WebTVAsia – Fred Chong
Is there a future for Asian digital content?
There’s the mainstream content and then, there’s the Asian digital creator’s content which is breaking new grounds today. Mainstream players are starting to embrace these new digital creators and using them to produce TV content, which is losing its ground. Asian digital content is going through a phase where creators are only given a small budget for their creative talent. But this is slowly gaining traction with higher traffic and large fan base, allowing them to become the ‘new mainstream’.
It is clear that mainstream has yet to have a firm grip of digital creators and the digital way of producing content for the new generation. The numbers don’t lie. If you put mainstream content on digital, you will get a million views. If it’s of low-quality, it gets a 100 million views. The audiences are moving towards digital. It’s only a matter of time when they will decide that they’ve had enough of mainstream media and shift their time to digital.
Is branded content the way to go?
No. I like to highlight that it could kill the creators’ creativity. Creators are not just meant to produce YouTube videos. A savvy creator could be the next Steven Spielberg. Somewhere along the lines, before they even reach that level, they are bombarded with offers from brands and suddenly they’re producing branded content because of the higher revenue. You’re now focused on how to present a brand or product in a video so that the advertiser is happy. The creative focus gets lost and that is betraying the fans, followers or creators. Creators must not forget why they’re producing videos. I also embrace branded content but I want advertisers and brands to understand that there’s more to the creators than just utilising or exploiting their fan base.
Are brands diluting the creative juice of creators?
Creators are underpaid and lack the knowledge of their demand in the industry where they are actually highly sought after. Everyone must move from YouTube to somewhere, but many are not getting anywhere. None are big stars today because they got lost along the way and branded contents have influenced their path to success for some. We want to highlight that creators can work with us and we can invest in the original content without brands so that we can create IPs for them. There may be undiscovered talent in Vietnam or Thailand who may be the next Steven Spielberg and we want to be the platform to discover them.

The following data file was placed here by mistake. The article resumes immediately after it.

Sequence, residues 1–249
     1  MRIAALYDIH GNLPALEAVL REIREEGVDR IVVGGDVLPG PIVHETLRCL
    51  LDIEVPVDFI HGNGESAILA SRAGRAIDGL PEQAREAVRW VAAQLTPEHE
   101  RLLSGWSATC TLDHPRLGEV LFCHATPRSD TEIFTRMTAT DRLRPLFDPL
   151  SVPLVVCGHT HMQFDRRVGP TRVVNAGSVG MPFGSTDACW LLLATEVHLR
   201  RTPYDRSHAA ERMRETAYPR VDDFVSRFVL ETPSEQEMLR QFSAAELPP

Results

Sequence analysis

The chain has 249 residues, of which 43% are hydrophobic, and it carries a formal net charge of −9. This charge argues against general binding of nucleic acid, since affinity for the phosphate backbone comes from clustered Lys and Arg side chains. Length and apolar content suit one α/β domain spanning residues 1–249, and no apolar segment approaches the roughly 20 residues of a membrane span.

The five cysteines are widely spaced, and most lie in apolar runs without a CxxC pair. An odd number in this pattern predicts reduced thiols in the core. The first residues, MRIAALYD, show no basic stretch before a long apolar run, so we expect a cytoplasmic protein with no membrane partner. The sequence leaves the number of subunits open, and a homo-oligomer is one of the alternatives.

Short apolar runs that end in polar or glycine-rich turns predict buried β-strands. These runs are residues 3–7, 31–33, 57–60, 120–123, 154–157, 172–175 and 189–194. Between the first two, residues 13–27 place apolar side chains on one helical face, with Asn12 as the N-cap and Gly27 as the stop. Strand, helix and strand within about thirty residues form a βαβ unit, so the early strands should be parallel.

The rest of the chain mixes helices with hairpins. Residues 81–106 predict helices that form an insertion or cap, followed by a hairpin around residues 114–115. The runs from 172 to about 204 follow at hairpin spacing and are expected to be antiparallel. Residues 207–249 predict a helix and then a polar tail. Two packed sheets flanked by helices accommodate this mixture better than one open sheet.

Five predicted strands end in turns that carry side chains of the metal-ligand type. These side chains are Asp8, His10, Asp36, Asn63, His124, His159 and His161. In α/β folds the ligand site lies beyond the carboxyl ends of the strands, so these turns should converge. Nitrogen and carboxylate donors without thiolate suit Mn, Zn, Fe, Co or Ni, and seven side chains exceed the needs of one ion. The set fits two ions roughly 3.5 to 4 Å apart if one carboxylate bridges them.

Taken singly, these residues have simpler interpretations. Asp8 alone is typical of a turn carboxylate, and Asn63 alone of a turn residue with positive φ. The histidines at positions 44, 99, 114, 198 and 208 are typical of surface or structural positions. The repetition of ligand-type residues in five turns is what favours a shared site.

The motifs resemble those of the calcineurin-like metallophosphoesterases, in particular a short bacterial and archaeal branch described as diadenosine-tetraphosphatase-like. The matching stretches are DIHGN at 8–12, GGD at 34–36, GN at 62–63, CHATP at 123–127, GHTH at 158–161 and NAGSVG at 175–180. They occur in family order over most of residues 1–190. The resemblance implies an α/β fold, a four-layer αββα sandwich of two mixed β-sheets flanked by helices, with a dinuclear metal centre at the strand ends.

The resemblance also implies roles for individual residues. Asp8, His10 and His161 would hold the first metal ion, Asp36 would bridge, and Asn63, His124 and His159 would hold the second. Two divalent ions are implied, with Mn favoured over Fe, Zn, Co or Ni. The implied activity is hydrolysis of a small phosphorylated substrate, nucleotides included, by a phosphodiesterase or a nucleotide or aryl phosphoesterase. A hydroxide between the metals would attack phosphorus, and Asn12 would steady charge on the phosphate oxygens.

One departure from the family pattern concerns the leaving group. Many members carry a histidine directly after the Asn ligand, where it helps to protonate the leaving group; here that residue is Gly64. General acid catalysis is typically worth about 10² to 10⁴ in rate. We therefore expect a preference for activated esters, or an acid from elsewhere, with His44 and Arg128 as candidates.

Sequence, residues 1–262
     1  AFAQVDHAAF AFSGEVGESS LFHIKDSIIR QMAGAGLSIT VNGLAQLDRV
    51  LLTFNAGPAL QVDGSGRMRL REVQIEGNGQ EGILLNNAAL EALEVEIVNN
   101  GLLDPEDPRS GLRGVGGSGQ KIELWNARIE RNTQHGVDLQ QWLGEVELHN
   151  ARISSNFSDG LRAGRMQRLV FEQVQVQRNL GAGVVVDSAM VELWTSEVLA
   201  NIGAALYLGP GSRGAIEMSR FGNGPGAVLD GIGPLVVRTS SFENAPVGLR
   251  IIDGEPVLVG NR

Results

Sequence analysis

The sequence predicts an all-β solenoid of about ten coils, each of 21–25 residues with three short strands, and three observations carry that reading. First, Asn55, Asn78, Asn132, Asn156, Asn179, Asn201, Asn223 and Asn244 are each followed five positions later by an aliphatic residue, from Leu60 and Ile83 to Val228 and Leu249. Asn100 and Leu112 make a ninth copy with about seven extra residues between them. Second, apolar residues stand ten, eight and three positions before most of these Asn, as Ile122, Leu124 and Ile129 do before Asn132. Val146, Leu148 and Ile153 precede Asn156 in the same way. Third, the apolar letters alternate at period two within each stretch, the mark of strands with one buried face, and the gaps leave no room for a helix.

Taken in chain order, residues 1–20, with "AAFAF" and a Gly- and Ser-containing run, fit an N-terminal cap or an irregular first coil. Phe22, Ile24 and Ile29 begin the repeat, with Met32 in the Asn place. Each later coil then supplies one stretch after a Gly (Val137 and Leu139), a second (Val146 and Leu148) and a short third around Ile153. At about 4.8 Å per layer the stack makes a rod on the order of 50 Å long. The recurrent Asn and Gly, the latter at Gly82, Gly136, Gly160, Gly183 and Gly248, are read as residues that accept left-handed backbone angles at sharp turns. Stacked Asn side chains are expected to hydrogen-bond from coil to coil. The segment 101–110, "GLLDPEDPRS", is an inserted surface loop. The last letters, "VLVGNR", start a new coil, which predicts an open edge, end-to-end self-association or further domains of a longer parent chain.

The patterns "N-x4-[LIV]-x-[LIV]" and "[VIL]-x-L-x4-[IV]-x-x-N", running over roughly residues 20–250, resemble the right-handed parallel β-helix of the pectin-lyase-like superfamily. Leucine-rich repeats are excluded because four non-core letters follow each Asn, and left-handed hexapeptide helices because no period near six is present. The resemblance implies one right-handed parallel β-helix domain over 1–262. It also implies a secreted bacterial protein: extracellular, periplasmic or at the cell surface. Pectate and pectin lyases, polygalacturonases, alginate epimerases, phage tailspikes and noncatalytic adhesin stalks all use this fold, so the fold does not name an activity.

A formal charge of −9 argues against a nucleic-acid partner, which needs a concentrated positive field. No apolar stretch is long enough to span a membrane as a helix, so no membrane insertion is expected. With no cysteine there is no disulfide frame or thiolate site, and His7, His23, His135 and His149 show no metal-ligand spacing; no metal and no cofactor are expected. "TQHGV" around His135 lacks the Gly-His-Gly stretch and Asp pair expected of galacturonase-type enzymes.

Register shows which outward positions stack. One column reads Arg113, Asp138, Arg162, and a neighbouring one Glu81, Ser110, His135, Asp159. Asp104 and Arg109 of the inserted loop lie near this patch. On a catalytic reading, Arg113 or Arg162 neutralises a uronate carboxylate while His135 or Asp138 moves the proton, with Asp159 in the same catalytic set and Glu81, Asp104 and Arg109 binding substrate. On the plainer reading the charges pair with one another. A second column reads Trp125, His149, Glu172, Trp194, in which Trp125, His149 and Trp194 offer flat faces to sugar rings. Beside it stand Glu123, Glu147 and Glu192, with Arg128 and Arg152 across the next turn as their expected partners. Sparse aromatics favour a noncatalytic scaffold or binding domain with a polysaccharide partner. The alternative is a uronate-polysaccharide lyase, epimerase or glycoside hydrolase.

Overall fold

Where is Asian content heading?
I think Asia is still in its infancy, but it’s moving and growing very quickly. Brands are still struggling how to communicate to millennials via content marketing and branded opportunities within Asia. There’s such a drastic learning curve that is happening out there. Today, if you were to look at Singapore’s creator ecosystem, there are only three or four standout creators. Brands are hesitant to work in that space because there aren’t enough good samples. On the other hand, there are great examples from Indonesia, Korea or China, but in their local languages. The best thing that could happen is to have more creators sharing, and then brands can understand what works and what doesn’t.
Do you think mainstream content producers will make it in the digital world?
Mainstream, like Endemol Shine Group, are arguably the largest independent producer and distributor of terrestrial content. We also have a very large footprint in digital through Endemol Shine Beyond, our digital group. Television companies are investing heavily in digital production companies. Traditional TV and film stars are also becoming more active in the digital space. As Asia digitises, we’ll see a lot more traditional media companies playing in the digital space and vice versa. Long form stories could also be produced digitally.
Is branded content the way to go?